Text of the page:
Have you ever made a hiring mistake? If you are like most firms, hiring errors are among the most costly mistakes firms regularly make. Biases, human error, and unsophisticated tools to understand candidate-company fit are among some of the reasons people—and companies—continually make hiring mistakes.
Recently, I came across a firm called Pegged Software that is using “People Analytics” to significantly improve hiring outcomes. Applying sophisticated tools to very large databases aggregating candidate and employee information, Pegged Software has helped over 130 facilities in the healthcare space achieve an average decrease in turnover of 38% and improve organizational outcomes, such as employee satisfaction. To learn more about how people analytics can transform an important part of the firm (especially in labor-intensive industries such as retail, healthcare, etc.), I talked with the CEO of Pegged Software, Michael Rosenbaum. What follows are his thoughts on how people analytics is disrupting talent management.
Kimberly Whitler: What is “people analytics”?
Michael Rosenbaum: People analytics is based on the idea that there is a lot more information available on everyone in the world–and specifically employees and potential employees–than what we currently use to make hiring decisions. Employees interact with technology all of the time, and these interactions generate a lot of data that can be used in a variety of ways.
Marketers, for example, have really pioneered the use of this data and analytics to figure out a number of consumer-related issues, such as the likelihood that somebody would be interested in a product. Those same technologies and analytical tools can be applied to predicting whether somebody will be an exceptional performer in their job, helping predict his or her career trajectory. At Pegged, we collect data from the 3 million job applications a year we process, from the approximately 135 healthcare facilities where we are deployed. We have a lot of outcome data across institutions and can apply that to the new hire process. Our goal is to identify the right person for the job by using all of that data to predict who is most likely to perform exceptionally in each job. There are other companies which are focusing on predicting turnover. Our goal is to prevent turnover by identifying the right candidate up front.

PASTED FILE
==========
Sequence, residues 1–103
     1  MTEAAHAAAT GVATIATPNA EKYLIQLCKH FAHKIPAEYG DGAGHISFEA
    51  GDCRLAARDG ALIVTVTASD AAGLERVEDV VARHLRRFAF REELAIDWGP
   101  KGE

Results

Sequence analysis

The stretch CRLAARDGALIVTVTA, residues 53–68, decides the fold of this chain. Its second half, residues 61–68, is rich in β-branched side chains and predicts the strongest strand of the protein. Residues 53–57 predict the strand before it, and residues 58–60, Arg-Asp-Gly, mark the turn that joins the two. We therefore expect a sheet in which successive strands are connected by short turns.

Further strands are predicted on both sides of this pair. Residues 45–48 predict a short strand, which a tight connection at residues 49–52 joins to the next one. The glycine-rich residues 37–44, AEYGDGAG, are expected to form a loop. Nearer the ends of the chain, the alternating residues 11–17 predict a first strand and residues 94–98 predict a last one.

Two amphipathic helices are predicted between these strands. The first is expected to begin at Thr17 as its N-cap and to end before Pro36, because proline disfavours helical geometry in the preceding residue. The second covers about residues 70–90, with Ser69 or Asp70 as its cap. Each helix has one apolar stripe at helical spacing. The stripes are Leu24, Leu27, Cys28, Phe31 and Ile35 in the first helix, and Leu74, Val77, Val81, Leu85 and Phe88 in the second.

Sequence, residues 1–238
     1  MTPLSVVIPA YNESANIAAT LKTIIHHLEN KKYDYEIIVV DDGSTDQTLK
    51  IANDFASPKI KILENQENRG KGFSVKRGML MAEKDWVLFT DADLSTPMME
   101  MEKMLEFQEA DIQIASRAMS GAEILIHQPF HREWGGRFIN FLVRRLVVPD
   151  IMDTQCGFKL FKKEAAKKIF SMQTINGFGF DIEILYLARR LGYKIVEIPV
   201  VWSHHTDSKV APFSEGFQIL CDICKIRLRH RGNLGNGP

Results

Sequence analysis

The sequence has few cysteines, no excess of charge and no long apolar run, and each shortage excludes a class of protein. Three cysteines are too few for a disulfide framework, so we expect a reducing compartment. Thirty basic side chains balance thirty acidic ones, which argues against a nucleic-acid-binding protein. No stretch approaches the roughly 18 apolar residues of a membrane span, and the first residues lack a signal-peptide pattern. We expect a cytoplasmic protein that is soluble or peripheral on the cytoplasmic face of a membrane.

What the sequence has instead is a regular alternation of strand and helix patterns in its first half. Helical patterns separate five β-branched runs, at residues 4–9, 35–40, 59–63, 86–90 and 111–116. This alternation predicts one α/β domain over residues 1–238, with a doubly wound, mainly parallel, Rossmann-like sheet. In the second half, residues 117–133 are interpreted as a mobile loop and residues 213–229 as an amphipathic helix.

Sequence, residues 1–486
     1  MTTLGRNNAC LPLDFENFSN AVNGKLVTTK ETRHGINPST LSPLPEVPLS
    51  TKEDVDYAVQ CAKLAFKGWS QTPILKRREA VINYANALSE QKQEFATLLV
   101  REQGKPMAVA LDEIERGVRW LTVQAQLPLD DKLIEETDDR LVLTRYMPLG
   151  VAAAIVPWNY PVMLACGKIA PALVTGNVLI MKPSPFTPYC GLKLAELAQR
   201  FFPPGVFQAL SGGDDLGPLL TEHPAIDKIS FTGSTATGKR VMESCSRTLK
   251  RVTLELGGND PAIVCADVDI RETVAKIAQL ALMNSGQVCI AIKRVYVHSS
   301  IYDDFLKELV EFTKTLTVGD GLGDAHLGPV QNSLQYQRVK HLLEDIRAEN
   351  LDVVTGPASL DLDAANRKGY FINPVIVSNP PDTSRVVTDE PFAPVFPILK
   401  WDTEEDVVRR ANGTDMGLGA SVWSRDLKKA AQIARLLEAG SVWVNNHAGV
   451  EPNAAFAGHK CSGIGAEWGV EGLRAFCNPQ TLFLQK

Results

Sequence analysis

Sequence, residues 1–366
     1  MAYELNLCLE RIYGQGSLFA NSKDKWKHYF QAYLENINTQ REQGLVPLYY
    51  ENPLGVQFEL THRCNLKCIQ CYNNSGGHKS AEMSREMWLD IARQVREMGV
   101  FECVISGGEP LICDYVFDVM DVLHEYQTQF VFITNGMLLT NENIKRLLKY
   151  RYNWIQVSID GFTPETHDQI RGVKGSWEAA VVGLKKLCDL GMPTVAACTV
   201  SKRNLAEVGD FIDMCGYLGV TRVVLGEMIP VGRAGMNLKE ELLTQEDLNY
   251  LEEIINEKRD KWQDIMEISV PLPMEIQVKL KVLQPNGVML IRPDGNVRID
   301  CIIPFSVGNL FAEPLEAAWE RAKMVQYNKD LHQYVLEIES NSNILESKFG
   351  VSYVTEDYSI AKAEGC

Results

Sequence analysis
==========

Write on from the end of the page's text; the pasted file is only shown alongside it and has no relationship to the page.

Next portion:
Whitler: Is this a new or mature area of analytics?
Rosenbaum: It’s a pretty new space. We’ve been working on this awhile but there are just the beginning signs of a number of companies entering the field. The reason that the field is just emerging is because: 1) the technologies you need to have to run sophisticated analyses at high success rates have matured over the past couple of years, and 2) while the idea that you can use data to make decisions more effectively sometimes has been around, there is now a growing realization that you can apply this to a broader set of questions.
Whitler: Why does this matter for C-Level executives and more specifically, for CMOs?
Rosenbaum: All C-level executives should care about how to hire more effectively. Having the right talent in the right place at the right time impacts morale, individual and group performance, efficiency, and performance outcomes. Labor is often a significant cost for any company, and perhaps more significantly having exceptional talent critical for driving any organization forward. I have yet to find a CEO who says that s/he would not like to reduce turnover and improve performance. In fact, at the top of most lists that rank CEO challenges—you’ll find talent and human capital.
CMOs should care because they actually are the enterprise leaders whose area of expertise pioneered much of this technology, and as a result they are closest to understanding the technology and its potential. Marketers originally innovated and spawned this technology and so they are arguably in the best position to help a firm understand the value. As a result, CMOs can be an important source of knowledge and expertise for the entire executive team, when that team is discussing ways to apply these same processes to talent. This is an opportunity for the CMO to be a thought leader in the C-suite around about how these technologies work and why they are effective.